When declaring a bucket instance, you must specify its type, give it a unique name (string), assign it a unique ID expressed as a negative integer (optional), specify a weight relative to the total capacity/capability of its item(s), specify the bucket algorithm (usually straw), and the hash (usually 0, reflecting hash algorithm rjenkins1). A bucket may have one or more items. The items may consist of node buckets or leaves. Items may have a weight that reflects the relative weight of the item.

You may declare a node bucket with the following syntax:

[bucket-type] [bucket-name] {
        id [a unique negative numeric ID]
        weight [the relative capacity/capability of the item(s)]
        alg [the bucket type: uniform | list | tree | straw ]
        hash [the hash type: 0 by default]
        item [item-name] weight [weight]
}

For example, using the diagram above, we would define two host buckets and one rack bucket. The OSDs are declared as items within the host buckets:

host node1 {
        id -1
        alg straw
        hash 0
        item osd.0 weight 1.00
        item osd.1 weight 1.00
}

host node2 {
        id -2
        alg straw
        hash 0
        item osd.2 weight 1.00
        item osd.3 weight 1.00
}

rack rack1 {
        id -3
        alg straw
        hash 0
        item node1 weight 2.00
        item node2 weight 2.00
}

Note

In the foregoing example, note that the rack bucket does not contain any OSDs. Rather it contains lower level host buckets, and includes the sum total of their weight in the item entry.

Bucket Types

Ceph supports four bucket types, each representing a tradeoff between performance and reorganization efficiency. If you are unsure of which bucket type to use, we recommend using a straw bucket. For a detailed discussion of bucket types, refer to CRUSH - Controlled, Scalable, Decentralized Placement of Replicated Data, and more specifically to Section 3.4. The bucket types are:

  1. Uniform: Uniform buckets aggregate devices with exactly the same weight. For example, when firms commission or decommission hardware, they typically do so with many machines that have exactly the same physical configuration (e.g., bulk purchases). When storage devices have exactly the same weight, you may use the uniform bucket type, which allows CRUSH to map replicas into uniform buckets in constant time. With non-uniform weights, you should use another bucket algorithm.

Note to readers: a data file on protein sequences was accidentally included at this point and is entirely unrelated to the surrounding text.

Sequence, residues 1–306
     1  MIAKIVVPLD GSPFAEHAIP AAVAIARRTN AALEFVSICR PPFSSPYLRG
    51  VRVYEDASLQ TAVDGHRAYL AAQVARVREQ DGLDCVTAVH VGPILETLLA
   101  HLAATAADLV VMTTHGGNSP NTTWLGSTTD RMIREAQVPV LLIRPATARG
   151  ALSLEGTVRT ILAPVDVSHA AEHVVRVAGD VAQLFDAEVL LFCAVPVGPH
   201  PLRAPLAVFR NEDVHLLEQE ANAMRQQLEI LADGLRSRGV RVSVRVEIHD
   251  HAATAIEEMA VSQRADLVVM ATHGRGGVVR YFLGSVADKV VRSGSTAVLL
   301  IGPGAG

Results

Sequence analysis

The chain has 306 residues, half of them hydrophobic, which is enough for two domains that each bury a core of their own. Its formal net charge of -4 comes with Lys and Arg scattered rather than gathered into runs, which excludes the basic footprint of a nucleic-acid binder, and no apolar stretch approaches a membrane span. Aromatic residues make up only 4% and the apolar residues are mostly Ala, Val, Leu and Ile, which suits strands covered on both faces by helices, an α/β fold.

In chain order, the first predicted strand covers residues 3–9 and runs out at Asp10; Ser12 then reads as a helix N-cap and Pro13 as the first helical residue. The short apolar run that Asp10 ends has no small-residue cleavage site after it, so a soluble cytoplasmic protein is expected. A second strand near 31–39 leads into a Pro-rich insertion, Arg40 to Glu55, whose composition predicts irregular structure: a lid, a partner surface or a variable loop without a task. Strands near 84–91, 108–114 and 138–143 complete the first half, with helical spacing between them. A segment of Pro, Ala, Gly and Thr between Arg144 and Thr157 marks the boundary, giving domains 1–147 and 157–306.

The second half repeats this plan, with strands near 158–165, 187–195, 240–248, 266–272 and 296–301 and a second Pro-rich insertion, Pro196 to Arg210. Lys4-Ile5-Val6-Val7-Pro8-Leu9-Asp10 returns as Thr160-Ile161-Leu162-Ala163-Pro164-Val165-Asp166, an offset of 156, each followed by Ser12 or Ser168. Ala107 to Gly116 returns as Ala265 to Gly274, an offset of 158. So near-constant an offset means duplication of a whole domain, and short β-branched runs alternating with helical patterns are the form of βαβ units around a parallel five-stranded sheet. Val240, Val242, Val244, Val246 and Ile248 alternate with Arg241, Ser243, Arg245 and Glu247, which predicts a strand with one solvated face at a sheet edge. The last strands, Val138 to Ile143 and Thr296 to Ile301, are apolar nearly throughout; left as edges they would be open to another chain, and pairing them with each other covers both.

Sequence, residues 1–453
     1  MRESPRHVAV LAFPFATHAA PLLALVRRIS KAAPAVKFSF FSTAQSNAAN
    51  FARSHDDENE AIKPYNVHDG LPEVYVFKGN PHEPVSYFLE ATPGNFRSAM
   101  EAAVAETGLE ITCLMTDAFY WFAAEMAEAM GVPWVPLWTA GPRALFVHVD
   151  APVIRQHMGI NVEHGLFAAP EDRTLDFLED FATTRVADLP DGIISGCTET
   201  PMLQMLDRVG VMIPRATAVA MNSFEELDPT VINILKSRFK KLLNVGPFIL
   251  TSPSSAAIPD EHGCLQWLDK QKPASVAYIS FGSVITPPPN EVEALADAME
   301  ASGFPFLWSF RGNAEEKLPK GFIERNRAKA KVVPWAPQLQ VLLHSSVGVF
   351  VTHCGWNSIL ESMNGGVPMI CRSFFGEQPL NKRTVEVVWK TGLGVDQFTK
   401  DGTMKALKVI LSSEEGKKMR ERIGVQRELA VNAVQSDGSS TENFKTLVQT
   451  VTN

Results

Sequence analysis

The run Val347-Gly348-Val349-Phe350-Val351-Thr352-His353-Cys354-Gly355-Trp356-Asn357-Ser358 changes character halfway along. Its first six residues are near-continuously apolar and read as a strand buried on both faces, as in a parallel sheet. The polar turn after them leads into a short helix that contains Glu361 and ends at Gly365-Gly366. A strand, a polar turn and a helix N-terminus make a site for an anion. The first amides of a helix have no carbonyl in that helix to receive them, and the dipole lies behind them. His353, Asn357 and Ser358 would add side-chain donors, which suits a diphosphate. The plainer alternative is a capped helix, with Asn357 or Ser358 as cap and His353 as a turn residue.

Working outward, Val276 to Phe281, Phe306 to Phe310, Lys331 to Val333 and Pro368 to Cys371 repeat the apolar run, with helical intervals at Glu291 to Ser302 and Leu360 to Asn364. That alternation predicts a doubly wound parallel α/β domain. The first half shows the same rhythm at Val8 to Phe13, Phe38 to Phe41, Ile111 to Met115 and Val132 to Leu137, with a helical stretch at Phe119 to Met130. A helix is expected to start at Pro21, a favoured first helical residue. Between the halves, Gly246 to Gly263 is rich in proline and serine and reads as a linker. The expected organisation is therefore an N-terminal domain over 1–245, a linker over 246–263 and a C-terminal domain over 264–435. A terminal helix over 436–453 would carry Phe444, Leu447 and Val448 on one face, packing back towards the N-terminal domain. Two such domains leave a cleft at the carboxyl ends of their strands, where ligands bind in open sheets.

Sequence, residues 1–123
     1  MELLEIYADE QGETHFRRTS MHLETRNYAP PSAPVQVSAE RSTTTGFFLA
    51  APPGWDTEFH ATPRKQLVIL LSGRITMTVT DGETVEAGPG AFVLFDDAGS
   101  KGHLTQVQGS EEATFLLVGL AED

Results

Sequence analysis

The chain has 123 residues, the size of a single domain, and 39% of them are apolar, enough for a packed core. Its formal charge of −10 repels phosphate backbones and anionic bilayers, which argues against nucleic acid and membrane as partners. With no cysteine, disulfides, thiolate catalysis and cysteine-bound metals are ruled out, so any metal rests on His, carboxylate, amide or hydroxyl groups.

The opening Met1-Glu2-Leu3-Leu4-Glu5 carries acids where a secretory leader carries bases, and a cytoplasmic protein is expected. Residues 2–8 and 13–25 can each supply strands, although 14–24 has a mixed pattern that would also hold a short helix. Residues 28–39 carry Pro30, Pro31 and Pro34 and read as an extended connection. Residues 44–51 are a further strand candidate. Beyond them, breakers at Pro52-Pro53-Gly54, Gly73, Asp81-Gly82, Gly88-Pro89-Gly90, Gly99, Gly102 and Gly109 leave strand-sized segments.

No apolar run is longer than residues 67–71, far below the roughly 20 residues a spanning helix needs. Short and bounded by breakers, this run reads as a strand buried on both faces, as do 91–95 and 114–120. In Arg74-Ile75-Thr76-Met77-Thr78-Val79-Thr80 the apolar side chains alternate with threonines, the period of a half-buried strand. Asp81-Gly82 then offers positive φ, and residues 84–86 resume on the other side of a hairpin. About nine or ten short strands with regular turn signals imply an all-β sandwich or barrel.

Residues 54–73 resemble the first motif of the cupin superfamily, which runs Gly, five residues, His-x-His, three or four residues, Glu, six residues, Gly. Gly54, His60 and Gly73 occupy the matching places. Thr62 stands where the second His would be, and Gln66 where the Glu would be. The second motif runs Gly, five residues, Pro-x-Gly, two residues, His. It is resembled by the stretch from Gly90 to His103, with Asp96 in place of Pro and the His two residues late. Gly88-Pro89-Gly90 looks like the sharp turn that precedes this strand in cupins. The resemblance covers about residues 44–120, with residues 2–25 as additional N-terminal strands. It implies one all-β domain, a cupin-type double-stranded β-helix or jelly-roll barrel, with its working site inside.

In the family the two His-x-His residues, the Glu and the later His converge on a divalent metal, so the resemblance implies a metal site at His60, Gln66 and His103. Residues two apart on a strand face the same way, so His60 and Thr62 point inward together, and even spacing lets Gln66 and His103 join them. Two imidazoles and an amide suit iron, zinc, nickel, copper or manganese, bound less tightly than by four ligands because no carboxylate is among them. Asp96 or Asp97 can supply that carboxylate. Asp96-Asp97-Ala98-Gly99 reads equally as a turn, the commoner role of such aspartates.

2. List: List buckets aggregate their content as linked lists. Based on the RUSH P algorithm, a list is a natural and intuitive choice for an expanding cluster: either an object is relocated to the newest device with some appropriate probability, or it remains on the older devices as before. The result is optimal data migration when items are added to the bucket. Items removed from the middle or tail of the list, however, can result in a significant amount of unnecessary movement, making list buckets most suitable for circumstances in which they never (or very rarely) shrink.
  3. Tree: Tree buckets use a binary search tree. They are more efficient than list buckets when a bucket contains a larger set of items. Based on the RUSH R algorithm, tree buckets reduce the placement time to O(log n), making them suitable for managing much larger sets of devices or nested buckets.
  4. Straw: List and Tree buckets use a divide and conquer strategy in a way that either gives certain items precedence (e.g., those at the beginning of a list) or obviates the need to consider entire subtrees of items at all. That improves the performance of the replica placement process, but can also introduce suboptimal reorganization behavior when the contents of a bucket change due an addition, removal, or re-weighting of an item. The straw bucket type allows all items to fairly “compete” against each other for replica placement through a process analogous to a draw of straws.

Hash

Each bucket uses a hash algorithm. Currently, Ceph supports rjenkins1. Enter 0 as your hash setting to select rjenkins1.

Weighting Bucket Items

Ceph expresses bucket weights as doubles, which allows for fine weighting. A weight is the relative difference between device capacities. We recommend using 1.00 as the relative weight for a 1TB storage device. In such a scenario, a weight of 0.5 would represent approximately 500GB, and a weight of 3.00 would represent approximately 3TB. Higher level buckets have a weight that is the sum total of the leaf items aggregated by the bucket.

A bucket item weight is one dimensional, but you may also calculate your item weights to reflect the performance of the storage drive. For example, if you have many 1TB drives where some have relatively low data transfer rate and the others have a relatively high data transfer rate, you may weight them differently, even though they have the same capacity (e.g., a weight of 0.80 for the first set of drives with lower total throughput, and 1.20 for the second set of drives with higher total throughput).

CRUSH Map Rules

CRUSH maps support the notion of ‘CRUSH rules’, which are the rules that determine data placement for a pool. For large clusters, you will likely create many pools where each pool may have its own CRUSH ruleset and rules. The default CRUSH map has a rule for each pool, and one ruleset assigned to each of the default pools, which include:

  • data
  • metadata
  • rbd

Note

In most cases, you will not need to modify the default rules. When you create a new pool, its default ruleset is 0.